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Note: This article was originally published at Planet PHP on 20 November 2012.
Planet PHP

First up a disclaimer. I don't think I have any answers to offer and I must admit I will probably not actively do much to help improve the current situation. However I do believe it would be great if this would become a non topic but I acknowledge that there is a problem. Like many I don't see myself as part of the problem, maybe I am wrong there. In general the Symfony2 scene is quite un-diverse, at least when it comes to gender. I don't remember ever seeing a women present on a Symfony2 topic at a conference. I think the only one that I have heard speak on Symfony2 is Lorna. Alvaro mentioned that at deSymfony there was a presentation by a female speaker. That being said, skimming over the top 100 contributors I don't see a single female name. Actually just going by memory I don't remember a single PR from a female contributor. I would be surprised if there wasn't at least one, likely there are quite a few. Not remembering is actually quite ok imho, because its not the most memorable thing about a PR what the gender of the contributor was. But I am quite sure that the number of patches from women is a tiny tiny part. I sure hope that the numbers in my head aren't skewed by women preferring to contribute with a male name because they are worried a female name would cause issues.

So why is that? How and where did we fail as a community? I mean I can see that we have not put a lot of emphasis on encouraging non white males (I assume despite being half iranian I also count as a white male???) to submit talks. I am not blaming anyone here for that omission, though I think it might be a good idea to change that. From what I have been hearing the Python community has been doing some exemplary work in this direction. That being said I have no clue how many non-white contributors we have, but lets just stick to gender for now. I am not sure if we have failed in anyway to attract female contributors. Or rather I wonder if there is anything one could reasonably do to attract more female contributors? Maybe something like RailsGirls for Symfony2?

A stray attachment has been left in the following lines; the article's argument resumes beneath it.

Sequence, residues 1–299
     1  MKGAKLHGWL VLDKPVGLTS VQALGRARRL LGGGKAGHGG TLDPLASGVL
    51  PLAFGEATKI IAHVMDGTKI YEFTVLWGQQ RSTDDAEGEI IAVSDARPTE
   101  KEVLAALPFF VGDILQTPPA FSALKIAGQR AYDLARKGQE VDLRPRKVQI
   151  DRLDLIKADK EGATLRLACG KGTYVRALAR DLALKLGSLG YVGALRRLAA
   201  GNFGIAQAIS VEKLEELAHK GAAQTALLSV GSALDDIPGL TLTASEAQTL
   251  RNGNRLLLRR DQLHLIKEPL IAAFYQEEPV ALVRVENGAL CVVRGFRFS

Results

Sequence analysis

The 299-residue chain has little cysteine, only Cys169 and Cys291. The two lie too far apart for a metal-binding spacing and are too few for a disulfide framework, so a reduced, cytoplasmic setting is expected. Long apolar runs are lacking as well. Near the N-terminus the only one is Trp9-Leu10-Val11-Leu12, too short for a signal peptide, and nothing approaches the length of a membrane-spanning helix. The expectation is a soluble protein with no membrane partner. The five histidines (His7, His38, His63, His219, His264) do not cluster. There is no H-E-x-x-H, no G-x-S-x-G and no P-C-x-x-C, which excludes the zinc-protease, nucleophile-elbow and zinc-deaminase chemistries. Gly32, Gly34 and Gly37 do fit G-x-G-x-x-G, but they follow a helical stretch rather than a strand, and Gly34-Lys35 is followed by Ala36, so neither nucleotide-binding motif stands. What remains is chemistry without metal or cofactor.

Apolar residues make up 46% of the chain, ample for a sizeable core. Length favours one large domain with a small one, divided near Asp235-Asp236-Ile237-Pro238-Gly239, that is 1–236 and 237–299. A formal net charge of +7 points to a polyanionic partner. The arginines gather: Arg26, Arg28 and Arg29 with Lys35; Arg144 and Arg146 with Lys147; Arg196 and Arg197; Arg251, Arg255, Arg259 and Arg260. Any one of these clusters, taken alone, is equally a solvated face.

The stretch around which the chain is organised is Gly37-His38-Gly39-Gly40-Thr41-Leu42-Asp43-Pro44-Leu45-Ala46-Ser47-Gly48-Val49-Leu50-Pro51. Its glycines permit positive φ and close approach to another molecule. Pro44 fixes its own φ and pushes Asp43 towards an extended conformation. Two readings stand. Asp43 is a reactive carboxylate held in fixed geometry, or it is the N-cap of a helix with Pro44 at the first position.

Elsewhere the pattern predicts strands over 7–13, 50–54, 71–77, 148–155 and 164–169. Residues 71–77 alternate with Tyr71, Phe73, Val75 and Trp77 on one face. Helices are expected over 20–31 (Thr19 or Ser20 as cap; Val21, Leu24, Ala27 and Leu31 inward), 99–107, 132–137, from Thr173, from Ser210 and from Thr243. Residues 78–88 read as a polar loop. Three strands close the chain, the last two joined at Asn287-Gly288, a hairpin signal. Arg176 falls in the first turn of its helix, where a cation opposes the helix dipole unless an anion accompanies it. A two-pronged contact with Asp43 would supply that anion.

While there are many ways to get chosen for a conference talk, being an active contributor is one of the best ways imho. Obviously just because you are a contributor doesn't make you a presentation super hero, but honestly I couldn't care less. If someone knows their topic I am sure I can learn something. Sure it might not be the most entertaining talk and sure its great to have at least a few head liners at a conference that energize the audience, but to me making the top 50 contributors in an active OSS project like Symfony2 is a pretty solid proof of competence to hold a talk on Symfony2. I really have a hard time seeing a PR being shot down due to the gender of the contributor. And while I have seen sexist comments and behavior at conferences, I have seen close to zero in PRs on github. Actually I cannot remember a single case, but I do acknowledge that I might lack the sensitivity to the issue to notice and remember.

Looking over the lineup for Symfony Live Berlin it seems like half of the speakers are in the top 50 of contributors. Of the rest about half are the lead developers of the project they are speaking on. So yeah being a big contributor seems like a great way to be able to speak at a Symfony2 conference. Note I think I have one more maybe twice been in the committee that chose talks. I think the last time was at least 3, likely more than 5 years ago. I don't think at either occasion I remember anyone making sexist comments or not choosing a female speaker for what I perceived wrong reasons. Actually I don't remember the topic of gender to have matter at all, meaning that there was also no explicit effort to ensure gender diversity. I also do not remember how many proposals from women were submitted or how many have been picked. I also do not know what the ratio of female submissions have been for Symfony2 conferences. I know that especially the Live conferences this year were kinda rushed in many ways, so many didn't have a normal CfP. IIRC Lorna was actually chair for the one in London, which I didn't attend (btw just checked the line up there I do see that there was a female speaker in London).

At any rate, like I said in the beginning, I would love for this to be a non topic. I have enjoyed all the Symfony2 conferences I have attended so far. I have enjoyed the people I have met there. To me the characters I met there have been plenty diverse. Having more women there would just increase the enjoyment because its obvious that we have so far failed to tap into a vast talent pool to

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